'Why Aren’t You Texting Me Back?!!'
Relationship Expert Tracy McMillan talks attachment theory.
I used to see relationships as incredibly complicated, like two necklaces tangled up together. The more you tried to pull them apart, the more knotted they got. But after years of writing this column, I’ve started to view relationships as exceedingly simple: Here are two people trying to get their needs met. Their failure or success has less to do with developing a deeper understanding of the complexities of their personalities, family histories, habits, compulsions, deeply felt needs, and resentments, and more to do with their attachment styles.
I made this shift in part because I’ve logged so many hours talking to my friend Tracy McMillan about relationships and how they work. Every time I talk to Tracy I learn something new. She has one of those wild minds that effortlessly blends together, say, marriage challenges, the book Caste, the plot of Succession, and Cardi B lyrics.
Tracy brings up attachment theory often, but every time I try to read a book on the subject, I find it much less insightful and informative than Tracy herself. So this week, when an Ask Polly reader wanted some clarification of what I meant when I mentioned “trying not to act from an anxiously attached place,” I thought it would be fun to call Tracy and fire some questions at her about attachment theory and how it’s informed her work and her life.
You have this career that has spanned so many different realms – journalism, TV writing, books, and now you also host the show Family or Fiancé on Oprah’s OWN Network and coach couples and families on how to resolve their relationship challenges. When did you realize that you had a talent for understanding other people’s relationships?
It started organically. Years ago when I was still a journalist, I was always talking about people’s relationships while I was supposed to be doing my real job, writing TV news. A newsroom is very deadline driven, which means it’s great for procrastinating. So you shoot the shit until the last minute, then you write the story.
After I had a baby, I started reading about attachment and child development, and I started seeing relationship challenges through that lens. And in the last 25 years, there’s this body of relationship science that didn’t exist before. I got really into the science. All anyone had to go on before was what their grandma said or what their best friend said, which in terms of relationship science is sort of medieval — like the medical equivalent of leeching. People are just groping around in the dark for an answer.
What motivated you to gather so much knowledge around how relationships work, why they fail, and what to do about it?
I was a foster child from the age of three months until nine years. And when you’re a foster child, you need to go into a world, a very intimate world of people’s families, and figure out what’s going on very quickly. So I have this highly developed intuition and pattern recognition ability. Because in foster care, your actual survival depends on being able to accurately predict what's going on with people you just met but you're totally dependent upon. It became a little bit of a superpower: I understand people really quickly.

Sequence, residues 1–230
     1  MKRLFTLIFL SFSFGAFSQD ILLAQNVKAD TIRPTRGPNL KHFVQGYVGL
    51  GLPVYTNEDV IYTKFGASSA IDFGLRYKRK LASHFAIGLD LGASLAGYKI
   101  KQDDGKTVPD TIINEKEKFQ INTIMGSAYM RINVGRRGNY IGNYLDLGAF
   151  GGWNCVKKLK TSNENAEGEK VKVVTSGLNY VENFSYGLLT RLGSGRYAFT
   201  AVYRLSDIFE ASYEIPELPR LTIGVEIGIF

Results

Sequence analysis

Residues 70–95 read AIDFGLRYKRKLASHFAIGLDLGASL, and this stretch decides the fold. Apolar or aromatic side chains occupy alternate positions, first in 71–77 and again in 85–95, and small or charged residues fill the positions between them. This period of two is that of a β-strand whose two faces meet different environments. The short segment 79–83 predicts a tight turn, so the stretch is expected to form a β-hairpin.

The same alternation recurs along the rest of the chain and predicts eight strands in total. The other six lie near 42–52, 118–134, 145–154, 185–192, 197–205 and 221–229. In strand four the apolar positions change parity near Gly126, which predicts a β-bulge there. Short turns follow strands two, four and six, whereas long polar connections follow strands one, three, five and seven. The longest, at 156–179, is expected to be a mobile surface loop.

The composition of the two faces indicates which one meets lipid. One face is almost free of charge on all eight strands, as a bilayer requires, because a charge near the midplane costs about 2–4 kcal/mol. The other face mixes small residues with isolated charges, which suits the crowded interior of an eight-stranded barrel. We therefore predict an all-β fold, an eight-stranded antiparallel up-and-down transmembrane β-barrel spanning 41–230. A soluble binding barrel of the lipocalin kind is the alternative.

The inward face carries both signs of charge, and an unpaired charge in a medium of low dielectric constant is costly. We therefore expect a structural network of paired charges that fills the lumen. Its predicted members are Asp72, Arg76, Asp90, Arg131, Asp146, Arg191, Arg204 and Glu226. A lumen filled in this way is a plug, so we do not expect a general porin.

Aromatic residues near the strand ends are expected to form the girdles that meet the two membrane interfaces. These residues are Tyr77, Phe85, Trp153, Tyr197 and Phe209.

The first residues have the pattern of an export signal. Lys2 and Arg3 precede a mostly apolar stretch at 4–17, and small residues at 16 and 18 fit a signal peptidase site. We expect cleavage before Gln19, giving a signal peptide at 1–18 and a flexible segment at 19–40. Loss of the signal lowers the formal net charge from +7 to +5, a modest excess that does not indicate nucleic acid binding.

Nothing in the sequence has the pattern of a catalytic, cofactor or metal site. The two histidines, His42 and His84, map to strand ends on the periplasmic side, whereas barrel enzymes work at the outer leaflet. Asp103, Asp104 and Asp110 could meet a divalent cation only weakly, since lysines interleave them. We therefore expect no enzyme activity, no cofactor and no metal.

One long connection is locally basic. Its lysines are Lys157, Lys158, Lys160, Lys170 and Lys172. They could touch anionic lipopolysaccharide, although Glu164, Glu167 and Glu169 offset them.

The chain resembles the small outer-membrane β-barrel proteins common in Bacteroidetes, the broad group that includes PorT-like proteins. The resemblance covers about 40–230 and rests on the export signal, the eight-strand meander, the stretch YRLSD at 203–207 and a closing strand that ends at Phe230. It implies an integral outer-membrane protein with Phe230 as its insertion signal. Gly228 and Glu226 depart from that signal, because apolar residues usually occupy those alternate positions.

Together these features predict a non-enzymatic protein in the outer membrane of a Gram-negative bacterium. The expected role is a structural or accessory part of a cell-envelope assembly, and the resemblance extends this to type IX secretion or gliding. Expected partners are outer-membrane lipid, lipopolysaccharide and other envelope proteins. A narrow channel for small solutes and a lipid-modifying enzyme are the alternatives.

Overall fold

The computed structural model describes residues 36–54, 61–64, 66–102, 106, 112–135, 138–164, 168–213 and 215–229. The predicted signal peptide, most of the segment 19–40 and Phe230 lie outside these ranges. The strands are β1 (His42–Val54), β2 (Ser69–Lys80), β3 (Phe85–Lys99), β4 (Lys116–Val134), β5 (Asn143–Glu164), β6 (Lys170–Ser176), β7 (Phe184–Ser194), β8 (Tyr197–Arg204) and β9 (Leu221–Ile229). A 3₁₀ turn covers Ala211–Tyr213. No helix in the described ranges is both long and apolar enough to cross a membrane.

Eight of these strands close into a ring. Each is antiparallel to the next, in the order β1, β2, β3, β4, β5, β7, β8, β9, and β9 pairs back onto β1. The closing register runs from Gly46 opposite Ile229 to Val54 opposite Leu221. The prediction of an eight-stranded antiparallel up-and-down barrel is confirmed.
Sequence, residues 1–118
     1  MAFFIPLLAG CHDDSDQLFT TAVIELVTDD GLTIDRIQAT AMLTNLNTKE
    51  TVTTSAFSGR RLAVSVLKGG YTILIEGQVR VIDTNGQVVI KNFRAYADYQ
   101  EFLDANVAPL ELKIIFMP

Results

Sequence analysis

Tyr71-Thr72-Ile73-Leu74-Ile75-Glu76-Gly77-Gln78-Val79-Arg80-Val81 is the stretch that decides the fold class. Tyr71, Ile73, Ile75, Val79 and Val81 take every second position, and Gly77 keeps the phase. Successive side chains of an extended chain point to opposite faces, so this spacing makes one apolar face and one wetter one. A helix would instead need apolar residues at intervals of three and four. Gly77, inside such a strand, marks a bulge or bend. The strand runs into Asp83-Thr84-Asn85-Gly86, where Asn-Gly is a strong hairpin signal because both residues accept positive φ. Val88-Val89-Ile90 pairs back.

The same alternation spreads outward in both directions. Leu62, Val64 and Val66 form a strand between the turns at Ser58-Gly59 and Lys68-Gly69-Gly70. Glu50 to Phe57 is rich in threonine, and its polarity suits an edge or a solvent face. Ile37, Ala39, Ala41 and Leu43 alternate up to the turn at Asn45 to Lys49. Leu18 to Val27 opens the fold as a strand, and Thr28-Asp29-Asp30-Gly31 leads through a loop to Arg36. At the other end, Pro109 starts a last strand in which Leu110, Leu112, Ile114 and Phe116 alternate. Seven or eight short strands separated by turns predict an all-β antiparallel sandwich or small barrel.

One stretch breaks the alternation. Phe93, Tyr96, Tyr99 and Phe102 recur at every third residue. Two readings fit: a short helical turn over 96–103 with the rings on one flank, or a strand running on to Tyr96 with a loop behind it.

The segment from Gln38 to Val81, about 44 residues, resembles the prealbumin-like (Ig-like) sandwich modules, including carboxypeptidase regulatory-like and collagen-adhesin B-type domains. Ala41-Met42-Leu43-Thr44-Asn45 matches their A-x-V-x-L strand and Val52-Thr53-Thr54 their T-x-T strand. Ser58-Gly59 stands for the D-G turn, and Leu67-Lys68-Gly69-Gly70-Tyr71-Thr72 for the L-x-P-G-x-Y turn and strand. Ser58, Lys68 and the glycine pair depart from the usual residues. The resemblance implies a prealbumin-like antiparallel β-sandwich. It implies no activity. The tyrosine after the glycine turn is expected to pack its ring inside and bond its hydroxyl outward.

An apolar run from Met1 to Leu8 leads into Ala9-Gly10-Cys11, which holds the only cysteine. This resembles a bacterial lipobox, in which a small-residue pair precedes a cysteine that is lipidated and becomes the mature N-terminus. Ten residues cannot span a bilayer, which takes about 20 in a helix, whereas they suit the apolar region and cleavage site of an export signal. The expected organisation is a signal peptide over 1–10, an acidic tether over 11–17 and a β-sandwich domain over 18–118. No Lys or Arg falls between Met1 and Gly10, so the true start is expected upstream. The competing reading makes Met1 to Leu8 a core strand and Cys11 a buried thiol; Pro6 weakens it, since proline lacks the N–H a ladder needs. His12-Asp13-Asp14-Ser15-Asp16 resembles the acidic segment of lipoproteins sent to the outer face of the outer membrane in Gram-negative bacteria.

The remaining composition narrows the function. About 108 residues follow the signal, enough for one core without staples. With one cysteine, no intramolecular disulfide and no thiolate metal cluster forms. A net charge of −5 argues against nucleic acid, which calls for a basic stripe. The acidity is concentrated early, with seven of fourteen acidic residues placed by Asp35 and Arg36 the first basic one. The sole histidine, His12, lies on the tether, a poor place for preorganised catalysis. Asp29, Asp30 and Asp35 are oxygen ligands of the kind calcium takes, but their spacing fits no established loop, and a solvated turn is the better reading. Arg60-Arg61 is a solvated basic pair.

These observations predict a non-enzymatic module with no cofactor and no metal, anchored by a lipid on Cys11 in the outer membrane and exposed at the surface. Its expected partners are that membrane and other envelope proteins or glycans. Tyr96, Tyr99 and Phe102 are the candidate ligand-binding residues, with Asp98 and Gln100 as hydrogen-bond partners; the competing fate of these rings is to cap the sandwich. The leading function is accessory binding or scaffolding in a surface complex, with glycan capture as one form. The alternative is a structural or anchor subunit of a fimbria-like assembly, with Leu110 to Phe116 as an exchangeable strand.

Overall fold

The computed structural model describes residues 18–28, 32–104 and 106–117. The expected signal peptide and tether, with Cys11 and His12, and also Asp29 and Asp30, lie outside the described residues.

Was there a time when you would dive in and tell people things and they’d kind recoil?
No. Most people want to feel seen. They’re like “Oh my god, you get it!” Occasionally someone will have a negative reaction, but that’s usually because the person isn’t ready to go deep. Because when you look at the data, you see that you’re not unique or alone. Most people have a lot of “Aha!” moments once they start reading about relationship science.
You advise couples on your show about how to get along with each other and their families. And with some of them, I’d have trouble not saying, “Whew, I can’t help you at all! You’re on your own!” What do you think is the most common obstacle to love and connection for most people?
People often don’t realize that their actual problem is related to attachment style. Not to oversimplify, but attachment style is like a language you speak. It’s that embedded. Every aspect of the way you’re relating comes down to this language. Once people start to understand their attachment style, there’s a moment of realization and epiphany. Even more importantly, they realize that a lot of what has been happening in their relationships isn't who they are, it's what they're doing, or how they're thinking. And that can be changed. Suddenly, you have choices.
The way I explain it, there are basically two categories of attachment: secure and insecure. Within the insecure category, there are three different types: anxious, avoidant, and disorganized. But when you just boil it down to secure and insecure, you can sort of see the differences more clearly.
How do you know if you’re securely attached?
Because your relationship is not an issue for you. You don’t even think about it. Basically, secure people feel comfortable in relationships, they tend to pair off fairly young and/or quickly, and then they stay bonded to the people they mate with. They build families and homes and businesses, and generally don't pay a whole lot of attention to their relationships. They resolve conflicts fairly easily, they don't have tons of leftover resentment from whatever happened back in 2007, and most of the time, their nervous systems are calm and regulated. They are happy — and crucially — their partners are happy, too. Secure people have a tendency to look at their friends who are always changing partners or can't seem to figure out their love lives and be sort of baffled. They wonder, "Why is this so hard for you?"